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  • Eastern Europe as a "Sub-Germanic Space":Scholarship on Eastern Europe under National Socialism
  • Dietrich Beyrau (bio)
    Translated by Mark Keck-Szajbel

Institutions and Networks of Völkisch Scholarship

The Völkisch People and German Soil.

In 2008, Ingo Haar, Michael Fahlbusch, and Nicolas Berg published their Handbuch der völkischen Wissenschaften: Personen—Institutionen—Forschungsprogramme—Stiftungen.1 Its appearance represents an important milestone in the study of history and the social sciences as practiced in Germany and Austria from the 1920s to the 1940s. Völkisch does not easily lend itself to definition, since it always held multivalent connotations, including the "experience" of the "people" (Volk) and of the "ethnic community" (Volksgemeinschaft).2 Nonetheless, scholars in many fields proved receptive to the influence of the völkisch movement. Its roots can be traced both to the Wilhelminian and the Weimar eras, to academic and middle-class members of the right-wing milieu; and it encompassed a variety of ideologies, myths, and lifestyles. The movement's impact on scientific disciplines after 1918 centered on a redefinition of Germandom—as a people and as an ethnic community or ethnic body (Volkskörper). Participants invoked German culture-bearing and a territory of German soil and culture that stretched far beyond the borders of the German Empire or Weimar Republic (not to mention Austria). In the völkisch movements, transitions between ethno-nationalism and racism were fluid and usually associated with anti-Judaism (expressed, for example, [End Page 685] in the desire to "de-Judaize" Christianity) and antisemitism in all its different manifestations. The preoccupation with Germandom led to demands that went beyond claims to cultural hegemony in Central Europe.3 To various degrees, history, sociology, ethnology, theology, and geography opened themselves up to völkisch thinking; occasionally experimenting with new methods, scholars in these fields wished to make themselves useful to the administration.

Those academic disciplines labeled "völkisch" in Handbuch der völkischen Wissenschaften both systemized social and political perceptions of reality and created new scientific categories. The outbreak of war in 1939 offered some disciplines and scholars the chance to go beyond interpreting reality to influencing and shaping it. In the worst cases, they did so weapon in hand. Völkisch scholarship, once antiquarian and conservative, became activist. When völkisch attitudes combined with brutal activism, which aimed to create a Teutonic-Germanic master race in Europe, they formed the basis of National Socialist war policy. That war policy absorbed many elements of the völkisch movement, even as it abandoned several of the movement's key principles.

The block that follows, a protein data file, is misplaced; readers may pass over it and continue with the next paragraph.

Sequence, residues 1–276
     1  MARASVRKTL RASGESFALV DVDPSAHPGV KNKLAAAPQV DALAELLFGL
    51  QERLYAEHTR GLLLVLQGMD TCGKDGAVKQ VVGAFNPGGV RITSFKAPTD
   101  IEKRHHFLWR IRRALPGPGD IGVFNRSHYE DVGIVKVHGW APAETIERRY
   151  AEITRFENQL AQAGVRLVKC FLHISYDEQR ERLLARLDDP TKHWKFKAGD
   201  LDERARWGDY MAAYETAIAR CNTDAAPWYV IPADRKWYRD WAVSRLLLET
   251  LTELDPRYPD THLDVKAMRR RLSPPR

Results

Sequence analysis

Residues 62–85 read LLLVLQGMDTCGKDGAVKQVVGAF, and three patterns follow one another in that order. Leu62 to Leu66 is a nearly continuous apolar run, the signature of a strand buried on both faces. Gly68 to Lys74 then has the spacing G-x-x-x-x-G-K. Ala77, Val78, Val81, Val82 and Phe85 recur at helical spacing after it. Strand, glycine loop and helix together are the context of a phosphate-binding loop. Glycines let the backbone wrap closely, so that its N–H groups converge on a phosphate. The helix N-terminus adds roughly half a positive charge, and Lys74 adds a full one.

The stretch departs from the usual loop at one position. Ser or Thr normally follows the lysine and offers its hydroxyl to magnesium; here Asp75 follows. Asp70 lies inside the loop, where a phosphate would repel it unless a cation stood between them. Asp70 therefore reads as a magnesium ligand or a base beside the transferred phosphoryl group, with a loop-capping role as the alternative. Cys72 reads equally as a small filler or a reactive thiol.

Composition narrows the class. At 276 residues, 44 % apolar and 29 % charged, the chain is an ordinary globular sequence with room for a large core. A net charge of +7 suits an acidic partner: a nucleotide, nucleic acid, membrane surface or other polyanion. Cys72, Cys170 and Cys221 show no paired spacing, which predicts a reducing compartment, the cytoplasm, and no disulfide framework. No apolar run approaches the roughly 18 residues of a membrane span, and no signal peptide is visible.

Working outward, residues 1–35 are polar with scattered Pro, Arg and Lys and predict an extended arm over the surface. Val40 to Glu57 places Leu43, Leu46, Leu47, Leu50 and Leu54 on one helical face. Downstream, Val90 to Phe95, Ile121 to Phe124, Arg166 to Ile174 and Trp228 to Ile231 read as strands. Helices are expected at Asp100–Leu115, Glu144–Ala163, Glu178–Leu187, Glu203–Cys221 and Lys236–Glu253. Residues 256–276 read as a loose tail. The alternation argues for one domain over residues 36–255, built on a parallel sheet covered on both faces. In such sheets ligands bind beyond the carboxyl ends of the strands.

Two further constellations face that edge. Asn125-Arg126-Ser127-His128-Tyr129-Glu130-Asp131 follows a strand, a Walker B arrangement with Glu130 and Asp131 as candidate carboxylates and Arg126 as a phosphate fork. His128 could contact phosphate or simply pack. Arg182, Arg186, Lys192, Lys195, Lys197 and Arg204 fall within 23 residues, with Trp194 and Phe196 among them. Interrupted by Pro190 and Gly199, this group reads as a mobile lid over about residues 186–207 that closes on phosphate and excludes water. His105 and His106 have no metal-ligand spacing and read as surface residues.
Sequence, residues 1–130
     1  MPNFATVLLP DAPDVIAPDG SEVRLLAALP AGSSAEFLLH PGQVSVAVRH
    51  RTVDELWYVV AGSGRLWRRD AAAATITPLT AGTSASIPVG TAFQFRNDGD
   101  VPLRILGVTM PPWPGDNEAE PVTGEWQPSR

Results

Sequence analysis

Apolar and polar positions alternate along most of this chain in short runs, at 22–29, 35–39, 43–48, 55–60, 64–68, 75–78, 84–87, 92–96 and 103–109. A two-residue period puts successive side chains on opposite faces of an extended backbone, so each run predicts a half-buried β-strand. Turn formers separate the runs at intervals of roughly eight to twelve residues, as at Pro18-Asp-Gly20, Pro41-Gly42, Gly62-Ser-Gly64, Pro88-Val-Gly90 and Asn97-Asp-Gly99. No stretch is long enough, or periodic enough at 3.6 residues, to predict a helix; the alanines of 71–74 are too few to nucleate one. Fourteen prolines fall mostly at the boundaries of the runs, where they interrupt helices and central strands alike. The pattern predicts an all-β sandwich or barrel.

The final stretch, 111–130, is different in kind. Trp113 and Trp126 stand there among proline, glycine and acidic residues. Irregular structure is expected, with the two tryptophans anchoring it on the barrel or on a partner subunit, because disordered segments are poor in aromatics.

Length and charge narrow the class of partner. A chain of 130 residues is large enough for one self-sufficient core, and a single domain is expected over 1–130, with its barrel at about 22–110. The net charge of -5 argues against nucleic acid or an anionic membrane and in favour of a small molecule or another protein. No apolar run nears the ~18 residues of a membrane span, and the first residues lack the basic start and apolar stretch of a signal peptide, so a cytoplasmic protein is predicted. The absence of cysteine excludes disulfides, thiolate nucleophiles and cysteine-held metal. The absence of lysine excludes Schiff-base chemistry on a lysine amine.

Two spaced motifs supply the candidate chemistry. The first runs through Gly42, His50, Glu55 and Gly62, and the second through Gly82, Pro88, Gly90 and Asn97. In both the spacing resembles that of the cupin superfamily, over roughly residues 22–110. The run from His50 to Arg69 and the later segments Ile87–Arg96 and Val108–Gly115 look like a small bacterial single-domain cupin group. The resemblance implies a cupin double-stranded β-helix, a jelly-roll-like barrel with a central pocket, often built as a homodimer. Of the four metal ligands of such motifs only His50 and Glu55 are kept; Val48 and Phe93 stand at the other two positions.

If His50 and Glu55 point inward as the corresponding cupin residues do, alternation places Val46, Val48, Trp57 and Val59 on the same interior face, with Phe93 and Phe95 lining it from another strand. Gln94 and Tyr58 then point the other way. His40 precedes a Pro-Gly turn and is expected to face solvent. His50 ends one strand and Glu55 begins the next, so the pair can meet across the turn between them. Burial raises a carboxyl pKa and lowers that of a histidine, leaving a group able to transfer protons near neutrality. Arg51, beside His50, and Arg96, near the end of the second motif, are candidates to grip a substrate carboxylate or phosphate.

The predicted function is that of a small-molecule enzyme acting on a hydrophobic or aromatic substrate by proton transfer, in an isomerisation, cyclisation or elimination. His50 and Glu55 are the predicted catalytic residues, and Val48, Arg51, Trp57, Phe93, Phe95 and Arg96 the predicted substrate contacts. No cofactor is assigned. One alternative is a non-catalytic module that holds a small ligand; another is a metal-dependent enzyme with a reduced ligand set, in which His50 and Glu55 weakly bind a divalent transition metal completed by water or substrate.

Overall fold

The Handbuch documents these processes admirably. Contributions by 85 authors offer easy access to important components of the so-called völkisch sciences. As the subtitle suggests, it covers people, research institutes, foundations, and publications, concentrating on those aspects of history, ethnography, and sociology with greatest practical application to "ethnic scholarship" (Volkswissenschaften). The publishers express regret that race hygiene, the study of German literature, and art history could not be studied in greater depth. Readers may also regret that demography, racial anthropology, and spatial planning—all of which were crucially important to the National Socialists—are discussed only in passing.

Handbuch der völkischen Wissenschaften is only one of several important publications of the past decade that concentrate on so-called Ostforschung* and Ostexperten.4 This review article explores the new perspectives and insights they provide into the significance of völkisch scholarship under National Socialism and that scholarship's contribution to demographic [End Page 686] policies—including policies of extermination—in occupied Eastern Europe during World War II.

Already in 1946, Max Weinreich of the Yiddish Scientific Institute (YIVO) in New York published a study of National Socialist Judenforschung.5 Historians from the German Democratic Republic began researching Ostforschung in the 1960s. They emphasized continuities before and after 1945 in that field as practiced in the Federal Republic of Germany, thereby placing the Federal Republic in association with the "German drive to the east" (Drang nach Osten). Aside from numerous politically charged studies, there were also serious investigations, though these were mostly unpublished dissertations and generally remained inaccessible.6 Alexander Dallin, drawing on materials from the Ministry of the Occupied Eastern Territories...


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pp. 685-723
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